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Uber, Lyft face landmark trials that could change their business

Facing two separate lawsuits, the companies must convince juries that their drivers aren't employees -- and don't merit insurance and other benefits.

Uber drivers, along with their Lyft brethren, want to be classified as employees rather than contractors, entitling them to benefits. James Martin/CNET

Drivers for ride-hailing companies Uber and Lyft will get their day in court, two federal judges in San Francisco ruled Wednesday. The companies are both facing suits from drivers who want to be classified as employees, rather than independent contractors.

US District judges Vince Chhabria and Edward Chen each denied requests from the firms for summary judgment of the cases and said juries will decide how Uber and Lyft will classify and compensate drivers.

A change in worker classification from contractor to employee could dramatically increase the operating costs for both companies -- forcing them to handle taxes and Social Security, pay health insurance and other benefits, and reimburse expenses like gas and maintenance. As independent contractors, Uber and Lyft drivers currently handle those costs themselves.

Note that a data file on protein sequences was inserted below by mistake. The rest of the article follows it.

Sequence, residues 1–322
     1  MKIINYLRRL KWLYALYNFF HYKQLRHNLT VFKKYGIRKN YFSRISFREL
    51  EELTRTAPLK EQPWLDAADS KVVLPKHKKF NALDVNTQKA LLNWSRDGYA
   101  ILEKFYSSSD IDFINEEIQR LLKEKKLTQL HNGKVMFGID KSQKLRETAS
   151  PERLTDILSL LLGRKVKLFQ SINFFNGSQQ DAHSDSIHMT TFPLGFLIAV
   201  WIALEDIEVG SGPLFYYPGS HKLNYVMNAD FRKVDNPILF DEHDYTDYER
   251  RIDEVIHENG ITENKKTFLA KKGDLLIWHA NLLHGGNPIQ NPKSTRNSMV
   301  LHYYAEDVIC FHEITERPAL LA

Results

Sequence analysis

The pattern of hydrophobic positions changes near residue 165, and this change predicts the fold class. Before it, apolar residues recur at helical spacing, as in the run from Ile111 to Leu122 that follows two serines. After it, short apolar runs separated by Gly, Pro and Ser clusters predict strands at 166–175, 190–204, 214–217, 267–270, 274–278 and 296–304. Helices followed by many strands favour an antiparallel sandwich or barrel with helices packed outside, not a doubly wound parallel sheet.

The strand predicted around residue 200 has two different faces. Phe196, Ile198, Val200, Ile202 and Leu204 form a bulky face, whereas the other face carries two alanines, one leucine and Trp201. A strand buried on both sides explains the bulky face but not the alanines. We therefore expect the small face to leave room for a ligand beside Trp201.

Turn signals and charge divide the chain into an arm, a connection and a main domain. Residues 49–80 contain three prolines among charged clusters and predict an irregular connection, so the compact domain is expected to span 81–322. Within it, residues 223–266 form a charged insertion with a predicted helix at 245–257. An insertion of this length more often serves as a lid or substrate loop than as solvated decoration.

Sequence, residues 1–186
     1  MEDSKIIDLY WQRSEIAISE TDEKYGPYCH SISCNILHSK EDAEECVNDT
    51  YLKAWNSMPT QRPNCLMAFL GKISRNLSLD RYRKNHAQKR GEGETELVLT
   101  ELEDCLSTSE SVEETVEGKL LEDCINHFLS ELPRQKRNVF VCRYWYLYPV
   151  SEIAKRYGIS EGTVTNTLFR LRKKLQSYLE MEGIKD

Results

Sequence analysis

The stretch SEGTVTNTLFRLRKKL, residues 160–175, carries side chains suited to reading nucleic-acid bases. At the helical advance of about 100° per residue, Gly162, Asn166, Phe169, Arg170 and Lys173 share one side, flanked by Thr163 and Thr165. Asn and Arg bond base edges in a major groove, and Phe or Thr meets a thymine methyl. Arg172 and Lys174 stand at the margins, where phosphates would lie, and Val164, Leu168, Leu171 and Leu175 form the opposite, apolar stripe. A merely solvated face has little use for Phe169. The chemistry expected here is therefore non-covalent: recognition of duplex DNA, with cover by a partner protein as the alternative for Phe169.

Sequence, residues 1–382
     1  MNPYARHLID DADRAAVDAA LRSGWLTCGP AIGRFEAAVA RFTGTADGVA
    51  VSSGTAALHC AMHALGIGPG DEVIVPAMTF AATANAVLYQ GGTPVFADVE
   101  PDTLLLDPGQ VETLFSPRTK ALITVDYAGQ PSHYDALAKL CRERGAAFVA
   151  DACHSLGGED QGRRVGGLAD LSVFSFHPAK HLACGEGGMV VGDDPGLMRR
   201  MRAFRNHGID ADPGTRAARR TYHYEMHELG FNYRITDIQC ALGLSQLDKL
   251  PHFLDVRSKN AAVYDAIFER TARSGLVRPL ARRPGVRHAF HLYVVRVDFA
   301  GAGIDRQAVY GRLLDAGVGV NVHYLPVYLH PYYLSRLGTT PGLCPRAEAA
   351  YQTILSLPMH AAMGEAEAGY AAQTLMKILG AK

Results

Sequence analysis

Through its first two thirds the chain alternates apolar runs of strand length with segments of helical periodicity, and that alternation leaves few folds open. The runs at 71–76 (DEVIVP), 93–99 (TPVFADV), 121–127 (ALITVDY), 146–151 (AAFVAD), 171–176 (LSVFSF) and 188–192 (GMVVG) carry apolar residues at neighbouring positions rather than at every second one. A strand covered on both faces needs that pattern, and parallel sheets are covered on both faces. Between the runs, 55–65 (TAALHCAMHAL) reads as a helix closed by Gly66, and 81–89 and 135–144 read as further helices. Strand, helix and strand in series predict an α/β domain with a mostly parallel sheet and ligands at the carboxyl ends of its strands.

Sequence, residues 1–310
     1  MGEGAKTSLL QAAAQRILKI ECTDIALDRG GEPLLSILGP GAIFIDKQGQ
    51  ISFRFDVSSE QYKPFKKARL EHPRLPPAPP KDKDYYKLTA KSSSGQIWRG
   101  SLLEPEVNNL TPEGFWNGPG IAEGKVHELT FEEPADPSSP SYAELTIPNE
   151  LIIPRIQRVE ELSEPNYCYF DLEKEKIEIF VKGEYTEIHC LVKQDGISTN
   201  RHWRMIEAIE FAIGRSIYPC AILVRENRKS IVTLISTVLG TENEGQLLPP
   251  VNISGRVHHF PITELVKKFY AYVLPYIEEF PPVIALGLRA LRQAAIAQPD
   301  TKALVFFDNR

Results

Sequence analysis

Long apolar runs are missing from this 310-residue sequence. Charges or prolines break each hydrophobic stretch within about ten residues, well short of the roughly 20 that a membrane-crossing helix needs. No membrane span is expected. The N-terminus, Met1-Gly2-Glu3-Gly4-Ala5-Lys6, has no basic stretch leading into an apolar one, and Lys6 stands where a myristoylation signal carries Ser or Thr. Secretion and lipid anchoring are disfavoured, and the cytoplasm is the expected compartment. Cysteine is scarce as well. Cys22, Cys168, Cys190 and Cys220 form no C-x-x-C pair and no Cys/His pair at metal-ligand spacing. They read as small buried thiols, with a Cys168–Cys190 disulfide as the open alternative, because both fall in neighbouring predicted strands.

Drivers for both companies are seeking class-action status in San Francisco Federal Court, and though the outcome of both lawsuits would affect only drivers in California, the results would set a precedent for other jurisdictions.

Uber and Lyft, which make apps that help people looking for a ride connect with drivers piloting their own vehicles, say people can make extra cash as drivers by being their own boss and driving as much or as little as they want.

"Lyft offers an empowering and flexible peer-to-peer model that provides economic opportunity for tens of thousands of driver community members throughout the United States," Lyft has said. And Uber has estimated that its drivers can make up to $90,000 a year.

But Uber's claim has been contested, with one source saying that the average yearly pay for a full-time Uber driver is $39,000. And some say the companies are taking advantage of workers.

"A lot of their success is built on the backs of the drivers," Shannon Liss-Riordan, the attorney representing the drivers in the Uber case, has said. "And a lot of the money that they are making stems from a scheme whereby the company is able to shift to its workers many of the costs of running a business."

Uber is the second highest valued venture backed company in the world with a valuation of $41 billion. Lyft, which announced a new funding round of $530 million on Wednesday, is valued at $2.5 billion.

Both Lyft and Uber declined to comment Wednesday about ongoing litigation.

"California's outmoded test for classifying workers will apply in cases like this," Chhabria said in his ruling, according to Reuters. "And because the test provides nothing remotely close to a clear answer, it will often be for juries to decide."

CNET's Dara Kerr contributed to this report.